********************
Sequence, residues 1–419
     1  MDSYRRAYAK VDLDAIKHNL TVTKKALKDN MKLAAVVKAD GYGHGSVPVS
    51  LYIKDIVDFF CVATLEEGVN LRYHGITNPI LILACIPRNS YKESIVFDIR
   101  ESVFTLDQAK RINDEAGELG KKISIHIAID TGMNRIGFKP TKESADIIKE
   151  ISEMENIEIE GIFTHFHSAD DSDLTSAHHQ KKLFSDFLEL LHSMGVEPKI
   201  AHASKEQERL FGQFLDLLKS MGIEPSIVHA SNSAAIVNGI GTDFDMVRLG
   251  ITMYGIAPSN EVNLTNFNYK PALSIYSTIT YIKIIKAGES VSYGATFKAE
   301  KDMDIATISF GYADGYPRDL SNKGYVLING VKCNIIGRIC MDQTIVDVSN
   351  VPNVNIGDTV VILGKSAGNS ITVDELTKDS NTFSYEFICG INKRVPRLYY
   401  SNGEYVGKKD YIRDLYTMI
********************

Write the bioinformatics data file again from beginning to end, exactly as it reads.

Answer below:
Sequence, residues 1–419
     1  MDSYRRAYAK VDLDAIKHNL TVTKKALKDN MKLAAVVKAD GYGHGSVPVS
    51  LYIKDIVDFF CVATLEEGVN LRYHGITNPI LILACIPRNS YKESIVFDIR
   101  ESVFTLDQAK RINDEAGELG KKISIHIAID TGMNRIGFKP TKESADIIKE
   151  ISEMENIEIE GIFTHFHSAD DSDLTSAHHQ KKLFSDFLEL LHSMGVEPKI
   201  AHASKEQERL FGQFLDLLKS MGIEPSIVHA SNSAAIVNGI GTDFDMVRLG
   251  ITMYGIAPSN EVNLTNFNYK PALSIYSTIT YIKIIKAGES VSYGATFKAE
   301  KDMDIATISF GYADGYPRDL SNKGYVLING VKCNIIGRIC MDQTIVDVSN
   351  VPNVNIGDTV VILGKSAGNS ITVDELTKDS NTFSYEFICG INKRVPRLYY
   401  SNGEYVGKKD YIRDLYTMI